Findings could help determine which therapies will benefit certain patients
WEDNESDAY, April 30 (HealthDay News) -- Breakthroughs in understanding the extremely fine genetic underpinnings of acute myeloid leukemia may allow doctors to quickly decide which existing therapies will most benefit individual patients.
"This can now help the bedside physician pick a course of action" using existing drugs, said Dr. Barton Kamen, chief medical officer of the Leukemia & Lymphoma Society. "It's telling us, with the tools we have at hand, who needs more [therapy] and where the risk is worth it."
Eventually, added Kamen, pharmaceutical companies may be able to produce drugs to specifically target the genetic mutations identified in two new studies published in the May 1 issue of the New England Journal of Medicine.
Acute myeloid leukemia, or AML, is a cancer of the bone marrow that is diagnosed in about 13,000 people in the United States each year. The incidence of the disease increases with age, while the survival rate decreases. Only 10 percent of people with AML over the age of 60 will survive two years, according to Kamen.
Scientists used to see eight kinds of AML under the microscope, but with advances in genetic knowledge, they now realize there are many more forms of the disease.
In about half of AML patients, chromosomal changes help guide doctors to select specific therapies. Deciding which treatments are best for the remaining half of patients whose cancers don't have chromosomal abnormalities remains a challenge.
"We don't know whether they will do well or not with current treatment," said Dr. Guido Marcucci, lead author of one of the studies and associate professor of medicine at Ohio State University's Comprehensive Cancer Center. "That is why we and other groups are looking at genetic mutations or changes in [gene] expression to predict the outcome of patients with no chromosomal abnormalities."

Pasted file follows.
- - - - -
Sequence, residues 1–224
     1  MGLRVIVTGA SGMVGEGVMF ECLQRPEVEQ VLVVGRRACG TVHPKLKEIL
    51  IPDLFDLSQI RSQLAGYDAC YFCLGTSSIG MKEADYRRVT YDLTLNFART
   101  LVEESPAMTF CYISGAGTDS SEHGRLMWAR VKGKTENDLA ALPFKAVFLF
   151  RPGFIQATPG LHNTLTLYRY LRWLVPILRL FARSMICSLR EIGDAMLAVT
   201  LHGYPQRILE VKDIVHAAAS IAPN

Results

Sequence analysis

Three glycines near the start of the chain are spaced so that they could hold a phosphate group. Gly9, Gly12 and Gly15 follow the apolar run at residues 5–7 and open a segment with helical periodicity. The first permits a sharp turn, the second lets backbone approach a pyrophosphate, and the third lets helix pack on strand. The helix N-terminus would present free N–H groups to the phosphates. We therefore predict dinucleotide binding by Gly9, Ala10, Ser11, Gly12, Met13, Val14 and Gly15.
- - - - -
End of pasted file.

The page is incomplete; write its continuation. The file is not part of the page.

Marcucci and his team analyzed bone marrow and blood samples of 64 patients with AML who were younger than 60 and had leukemia cells with normal-looking chromosome structure. The goal: To see if microRNA profiles might help determine which treatments were best suited for which patients, and which patients were most prone to relapse.
MicroRNAs are RNAs that do not translate into proteins (unlike encoding RNAs), but instead bind to coding RNAs and shut off their ability to regulate protein production, Marcucci explained.
"We hypothesized that microRNA contributes to damage in the functioning of hematopoietic cells (stem cells that give rise to different blood cell types) by being too low or too highly expressed," he said.
And, in fact, the Ohio State team identified seven "families" (or clusters) of microRNA whose expression was associated with better (in the case of one family) or worse (six families) outcomes.
The findings were then validated in a separate group of patients.
The researchers were also able to ascertain that the microRNAs in question are involved in regulating genes that play a role in the immune system. "These microRNAs may affect native immunity function," Marcucci said.
That raises the very interesting and pertinent question that some drugs that target the immune system might have an effect on AML cells.
The second study, conducted by the German-Austrian Acute Myeloid Leukemia Study Group, was a large one, involving 872 adults under the age of 60 with AML with different genetic profiles.
Participants were enrolled in one of four different trials, each of which involved a stem-cell transplantation. The overall remission rate was 77 percent, but this rate differed depending on the genetic make-up of the cancer.
Two different subtypes had four-year survival rates of 60 percent and 62 percent; in these groups, stem cell transplantation conferred no added benefit.
Patients with two other genotypes, on the other hand, had much poorer prognoses, with four-year relapse-free survival rates of 24 percent or 25 percent and overall survival rates of 24 and 33 percent, respectively. Stem cell transplantation did help some of these patients.
Learn more about AML at The Leukemia & Lymphoma Society.
SOURCES: Guido Marcucci, M.D., associate professor of medicine, Comprehensive Cancer Center, Ohio State University, Columbus; Barton Kamen, M.D., Ph.D., LLS, chief medical officer, Leukemia & Lymphoma Society, White Plains, N.Y.; May 1, 2008, New England Journal of Medicine
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